Some more good news is that the ANC only have two more years left in government. After that the DA will demonstrate our resolve to bring safe streets and safe homes to all communities, where everyone can live with true freedom, to gain meaningful opportunities through the work of the national government we will lead after 2019.

Mbalula has the power to bar Ntlemeza from entering the Hawks HQ on Monday

The DA will write to the Minister of Police, Fikile Mbalula, urging him to exercise the power that he has in terms of section 17DA of the South African Police Services (SAPS) Act to suspend former Hawks head, Berning Ntlemeza, from the SAPS.
This suspension is imperative if Ntlemeza goes ahead and lodges an appeal against the High Court order that determined the setting aside of his appointment with immediate effect.
When Mbalula fired Ntlemeza last week as Head of the Hawks, he was simply enacting the North Gauteng High Court order. If Ntlemeza’s appeal has the effect of suspending that order, then Mbalula need not sit idly by. In terms of the SAPS Act, Ntlemeza can still be removed by Mbalula through a suspension from the SAPS.
Mbalula can provisionally suspend Ntlemeza pending an inquiry into his fitness to hold office in terms of section 17DA(2) of the SAPS Act.
Therefore, Mbalula has the power to keep Ntlemeza away from the Hawks regardless of the fact that he is appealing.
Having been previously found by the North Gauteng High Court to have acted in bad faith, that he was dishonest and acted without integrity, the DA have long held that Ntlemeza is not beyond reproach and cannot be given the huge responsibility to lead our country’s crime fighting unit.
The Hawks requires stability amongst its senior leadership which Ntlemeza is a threat to. Mbalula should accordingly not allow Ntlemeza to enter the Hawks building on Monday.

Over 8 000 police vehicles out of service

The DA will submit follow-up questions after a reply to a Parliamentary Question by the DA’s Vusumzi Magwebu MP has revealed that over 8000 police vehicles are currently in repair shops.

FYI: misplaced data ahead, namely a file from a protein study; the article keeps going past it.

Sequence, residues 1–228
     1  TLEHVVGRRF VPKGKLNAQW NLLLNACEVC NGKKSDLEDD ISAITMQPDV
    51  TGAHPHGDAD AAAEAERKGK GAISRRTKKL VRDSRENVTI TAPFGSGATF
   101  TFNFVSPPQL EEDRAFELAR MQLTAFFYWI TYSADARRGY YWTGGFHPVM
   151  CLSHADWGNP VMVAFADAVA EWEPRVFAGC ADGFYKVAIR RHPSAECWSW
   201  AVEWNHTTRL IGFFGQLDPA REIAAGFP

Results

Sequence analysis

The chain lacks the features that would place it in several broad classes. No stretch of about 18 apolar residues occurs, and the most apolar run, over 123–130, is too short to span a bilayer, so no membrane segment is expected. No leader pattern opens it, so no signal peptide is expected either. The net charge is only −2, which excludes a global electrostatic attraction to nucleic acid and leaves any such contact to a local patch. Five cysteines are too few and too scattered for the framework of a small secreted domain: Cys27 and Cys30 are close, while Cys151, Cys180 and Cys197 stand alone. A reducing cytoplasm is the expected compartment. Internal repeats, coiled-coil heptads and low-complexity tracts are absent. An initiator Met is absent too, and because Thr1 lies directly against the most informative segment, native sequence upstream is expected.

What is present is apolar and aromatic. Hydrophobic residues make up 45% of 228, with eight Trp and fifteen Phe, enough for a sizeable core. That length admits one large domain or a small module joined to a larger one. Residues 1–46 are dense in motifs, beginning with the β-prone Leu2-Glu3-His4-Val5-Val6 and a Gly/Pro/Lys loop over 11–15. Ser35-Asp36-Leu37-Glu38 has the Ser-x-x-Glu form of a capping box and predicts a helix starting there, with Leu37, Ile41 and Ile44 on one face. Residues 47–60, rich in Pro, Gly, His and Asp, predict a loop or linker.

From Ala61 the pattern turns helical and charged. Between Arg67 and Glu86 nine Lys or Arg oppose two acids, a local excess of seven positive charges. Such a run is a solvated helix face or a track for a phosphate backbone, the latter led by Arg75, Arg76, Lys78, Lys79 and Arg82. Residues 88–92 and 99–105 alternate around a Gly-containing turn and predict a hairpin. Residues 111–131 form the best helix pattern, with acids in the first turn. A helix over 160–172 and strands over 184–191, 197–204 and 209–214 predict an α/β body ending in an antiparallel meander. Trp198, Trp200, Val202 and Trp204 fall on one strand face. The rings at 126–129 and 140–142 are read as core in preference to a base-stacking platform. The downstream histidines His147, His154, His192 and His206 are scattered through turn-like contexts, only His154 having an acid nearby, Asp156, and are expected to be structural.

More than 2 000 vehicles in Gauteng and over 1 500 vehicles in the Eastern Cape are currently out of service and some police stations have only four vehicles to serve eight sectors.
According to another NCOP reply, there are 48 247 police vehicles nationally. This means that a shocking 16.6% of all police vehicles are currently out of service and waiting for repairs and maintenance. Because of this, there is currently only one vehicle for every 5 South African Police Services (SAPS) members.
A report received by the Gauteng legislature’s Portfolio Committee on Community Safety on Thursday furthermore revealed that there are serious challenges at the auxiliary garage, where police vehicles languish for up to three months. The report also noted a relationship between policing performance and resourcing in all eight sampled police stations.
It is all too common for police members to lack the basic equipment they need to carry out their mandate of keeping South Africans safe.
Without vehicles, the police are not able to respond timeously to crimes taking place and therefore, the under equipping of the SAPS directly threatens the safety of ordinary citizens.
The DA will establish the true extent of the crisis with follow-up questions and find out what the Minister of Police, Nathi Nhleko, and the SAPS command is doing about it.
It is unacceptable for the police to be incapacitated because of something as simple as a failure to accurately keep track of vehicle repairs, collect vehicles on time and run functioning vehicle repair shops.
The DA cannot stand by while crime thrives as a result of not giving police members the equipment they need to make South Africa a safer place for all.